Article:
Hannibal Against Rome Rules Questions
1. Is the action phase (SAP dice - Movement - Combat ) going on forever till one of the players roll a 5 or 6 or does it end when every unit have been moved or fought? That is, is an action phase only 1 "SAP - Movement -Combat" or many in a row?
Action phases (side 1 movement/side 2 movement/combat) for a year are repeated until one player rolls a 5-6. When that happens the Winter Quarters Check is performed, after which the year ends.
2. If I move a unit (stack) into an enemy´s ZOC (and it´s my initiative) can he just slip away without combat if he wants during his movement phase, unless I have him surrounded with units?
From 8.3 EZOC Effects: A stack in an EZOC at the start of the action phase can freely move during the action phase, but must stop if it again moves into an EZOC.
Interpret “at the start of the action phase” to mean at the start of his movement phase which follows yours in the action phase.
So the answer would be that the enemy unit you moved adjacent to can indeed slip away but must stop if it enters an EZOC in which case it is subject to combat at your initiative.
3. It says in 11.2 B that a stack can only attack and BE ATTACKED only once per action phase. Again, is that a series of SAP dice - Movement - Combat or..?
From 9.1 A: NOTE: If either side rolls a 5-6 SAP, the current action phase is the last of the year and the year ends following the Winter Quarters step.
There are none or multiple action phases (side 1 move/side 2 move/combat) in a year. Rule 11.2 B applies to each action phase, not the whole year. So a unit can attack or be attacked multiple times in a year, as many times as there are action phases.
4. Veteran units that take a step loss are flipped over to half strength but recruit units are just promoted to veteran step loss units keeping their combat strength, right? Does a unit suffering step loss ever get out of it and in that case when? If not how do you keep track of who has taken a step loss that action phase?
From 11.2 G: If a veteran unit takes a step loss, flip the counter to its back or step loss side. If a recruit unit must undergo a step loss, the recruit unit is converted (promoted) to a step loss veteran unit. If the stack survives without a step loss, any recruit units in the stack are promoted to full veteran status.
Recruit units that took a step loss are converted to a veteran step loss unit. In other words, the recruit unit was beaten up pretty badly but gained experience. A unit cannot recover from step loss.
Rule 11.2 G applies after each combat. A recruit unit is promoted immediately after combat to veteran status. If it took a step loss it is promoted to a veteran unit at depleted strength (step loss). In the next combat in the year the new veteran unit could take a step loss and be eliminated.
House Rule: During the New Unit Production phase, a side that is producing a new unit may opt to rebuild a unit in the field from reduced strength (step loss) to full strength in lieu of creating a new unit of the same type. If this option is chosen, flip the selected unit to its full strength side. The selected unit does not have to be in the production city. The trade off is that the producing side gains only a half unit but the unit is immediately in the field.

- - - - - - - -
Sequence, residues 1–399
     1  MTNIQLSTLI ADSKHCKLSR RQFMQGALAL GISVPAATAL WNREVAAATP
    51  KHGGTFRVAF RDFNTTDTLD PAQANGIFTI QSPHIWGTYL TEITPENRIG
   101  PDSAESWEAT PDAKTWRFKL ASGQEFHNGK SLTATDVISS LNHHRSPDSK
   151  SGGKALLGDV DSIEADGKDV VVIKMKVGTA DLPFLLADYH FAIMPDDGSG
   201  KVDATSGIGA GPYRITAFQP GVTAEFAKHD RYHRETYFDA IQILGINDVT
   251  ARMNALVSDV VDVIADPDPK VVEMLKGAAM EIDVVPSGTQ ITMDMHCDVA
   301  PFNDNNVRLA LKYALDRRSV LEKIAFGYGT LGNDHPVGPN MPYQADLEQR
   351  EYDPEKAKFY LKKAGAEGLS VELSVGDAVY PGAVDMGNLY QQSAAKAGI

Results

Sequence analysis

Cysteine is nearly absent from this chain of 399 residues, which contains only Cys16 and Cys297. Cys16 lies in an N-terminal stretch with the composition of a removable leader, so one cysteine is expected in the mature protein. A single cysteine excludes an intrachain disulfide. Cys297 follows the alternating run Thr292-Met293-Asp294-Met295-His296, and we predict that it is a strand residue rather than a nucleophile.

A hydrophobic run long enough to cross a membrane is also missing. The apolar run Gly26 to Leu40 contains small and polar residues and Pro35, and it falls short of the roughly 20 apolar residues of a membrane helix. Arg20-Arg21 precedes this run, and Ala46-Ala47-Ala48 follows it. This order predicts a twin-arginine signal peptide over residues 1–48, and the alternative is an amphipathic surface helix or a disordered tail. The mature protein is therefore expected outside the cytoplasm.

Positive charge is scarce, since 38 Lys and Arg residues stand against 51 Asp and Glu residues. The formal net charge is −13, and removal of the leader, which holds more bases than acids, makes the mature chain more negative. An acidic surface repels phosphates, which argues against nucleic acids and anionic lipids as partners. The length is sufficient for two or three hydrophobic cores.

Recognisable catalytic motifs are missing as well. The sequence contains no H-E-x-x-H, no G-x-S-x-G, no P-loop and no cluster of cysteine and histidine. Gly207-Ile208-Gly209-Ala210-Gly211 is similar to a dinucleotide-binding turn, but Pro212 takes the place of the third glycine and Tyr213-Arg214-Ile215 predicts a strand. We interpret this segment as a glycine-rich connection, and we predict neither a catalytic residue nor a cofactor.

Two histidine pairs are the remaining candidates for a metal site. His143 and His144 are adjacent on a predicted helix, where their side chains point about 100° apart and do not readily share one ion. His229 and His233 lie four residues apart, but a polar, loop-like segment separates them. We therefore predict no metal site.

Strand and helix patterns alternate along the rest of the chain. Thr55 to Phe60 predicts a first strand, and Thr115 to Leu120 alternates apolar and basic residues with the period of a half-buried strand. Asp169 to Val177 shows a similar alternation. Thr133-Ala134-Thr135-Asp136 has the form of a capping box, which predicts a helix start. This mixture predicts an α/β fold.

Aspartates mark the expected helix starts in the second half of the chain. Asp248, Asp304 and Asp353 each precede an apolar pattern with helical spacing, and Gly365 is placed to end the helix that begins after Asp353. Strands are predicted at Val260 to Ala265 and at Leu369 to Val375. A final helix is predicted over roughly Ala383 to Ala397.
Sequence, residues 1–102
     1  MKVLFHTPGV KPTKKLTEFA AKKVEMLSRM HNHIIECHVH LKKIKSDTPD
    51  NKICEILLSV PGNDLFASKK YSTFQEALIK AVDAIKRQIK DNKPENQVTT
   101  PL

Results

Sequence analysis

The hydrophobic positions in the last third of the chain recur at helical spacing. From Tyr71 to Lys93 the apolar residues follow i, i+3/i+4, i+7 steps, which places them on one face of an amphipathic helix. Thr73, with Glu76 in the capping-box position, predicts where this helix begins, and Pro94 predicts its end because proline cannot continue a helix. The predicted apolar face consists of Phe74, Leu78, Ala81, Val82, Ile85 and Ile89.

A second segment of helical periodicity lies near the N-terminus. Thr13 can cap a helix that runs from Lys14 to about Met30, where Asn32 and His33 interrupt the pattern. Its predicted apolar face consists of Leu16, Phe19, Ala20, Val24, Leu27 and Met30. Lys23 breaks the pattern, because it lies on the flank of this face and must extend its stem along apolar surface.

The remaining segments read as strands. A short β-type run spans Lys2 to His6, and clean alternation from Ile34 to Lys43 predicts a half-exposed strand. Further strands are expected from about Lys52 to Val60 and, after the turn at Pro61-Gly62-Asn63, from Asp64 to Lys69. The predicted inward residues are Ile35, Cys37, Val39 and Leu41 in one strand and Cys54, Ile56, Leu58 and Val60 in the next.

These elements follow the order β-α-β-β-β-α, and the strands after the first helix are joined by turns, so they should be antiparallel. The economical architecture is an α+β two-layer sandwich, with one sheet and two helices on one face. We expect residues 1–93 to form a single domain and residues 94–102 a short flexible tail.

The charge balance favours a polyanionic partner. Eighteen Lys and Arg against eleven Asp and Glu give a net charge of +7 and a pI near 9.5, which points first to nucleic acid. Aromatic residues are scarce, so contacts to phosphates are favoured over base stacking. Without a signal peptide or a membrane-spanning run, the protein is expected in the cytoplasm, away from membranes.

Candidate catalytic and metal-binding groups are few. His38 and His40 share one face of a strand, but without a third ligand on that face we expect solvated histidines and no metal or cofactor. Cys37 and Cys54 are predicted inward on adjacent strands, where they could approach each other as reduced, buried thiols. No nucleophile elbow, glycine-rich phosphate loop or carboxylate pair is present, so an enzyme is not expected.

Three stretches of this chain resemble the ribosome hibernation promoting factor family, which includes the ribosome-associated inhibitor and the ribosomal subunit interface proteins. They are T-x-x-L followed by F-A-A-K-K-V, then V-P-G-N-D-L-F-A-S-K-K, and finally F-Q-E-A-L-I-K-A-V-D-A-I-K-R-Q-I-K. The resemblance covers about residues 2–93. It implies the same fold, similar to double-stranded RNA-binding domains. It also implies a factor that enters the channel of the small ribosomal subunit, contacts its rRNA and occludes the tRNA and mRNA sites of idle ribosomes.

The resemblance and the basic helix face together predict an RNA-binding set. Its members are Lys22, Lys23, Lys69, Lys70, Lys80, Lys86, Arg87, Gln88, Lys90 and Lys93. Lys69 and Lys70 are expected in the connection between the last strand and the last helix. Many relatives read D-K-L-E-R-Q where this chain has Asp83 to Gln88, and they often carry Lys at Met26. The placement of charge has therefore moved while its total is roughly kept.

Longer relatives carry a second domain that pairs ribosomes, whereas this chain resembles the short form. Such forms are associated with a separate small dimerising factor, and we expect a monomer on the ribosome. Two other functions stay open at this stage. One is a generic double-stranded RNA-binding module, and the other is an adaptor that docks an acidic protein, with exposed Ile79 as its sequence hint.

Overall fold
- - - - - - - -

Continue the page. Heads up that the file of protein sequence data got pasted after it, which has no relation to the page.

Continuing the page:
5. If I move a unit to a hex adjacent to an enemy controlled city and an enemy unit also adjacent to the city hex, can that enemy unit move (if it´s his turn to move) into the city or is it "besieged" the moment I land my unit in the hex?
From 1.3 Definitions: Under Siege – A city is said to be under siege when any adjacent hex is occupied by an unfriendly land stack.
From Rule 9.3 C: If a city is under siege, no units can enter the city hex, except by fleet in the case of a port.
Immediately when an enemy unit moves into a hex adjacent to a city occupied by the opposition it is considered to be besieged. In the question example, the side wishing to reinforce the city apparently did not have the initiative and just got there too late to enter the city.
Monday, July 25, 2011
Thursday, July 21, 2011
Current being developed is a fast-play simulation of The Waterloo Campaign. This will be a corps and partial corps level game with marching (column) and combat (line) stacking rules, variable movement allowance due to communication and other potential operational problems, effects of weather, and fog of war. Rules for solitaire play. Partial game map shown above is by Tim Allen.
Development of Shield Wall, the computer game, is progessing well. Above is a screen shot of the game with a few test units loaded. Counter images are based on Bayeaux Tapestry art.
Sunday, July 17, 2011
Battle of the Bulge is now available. A computer game, Bulge has 142 counters and 36 turns. Each turn represents one-half day. The game can be played with a computer opponent being either the Allied side or the German side. The computer has three levels of difficulty: easy, medium and hard. Both sides can adjust deployment before the game starts. Each hex of the map represents about two miles and units represent divisions, brigades or regiments. Supply, muddy roads, air support, and weather play a role. There are several variants for German force levels. OOB by Dennis L. Bishop.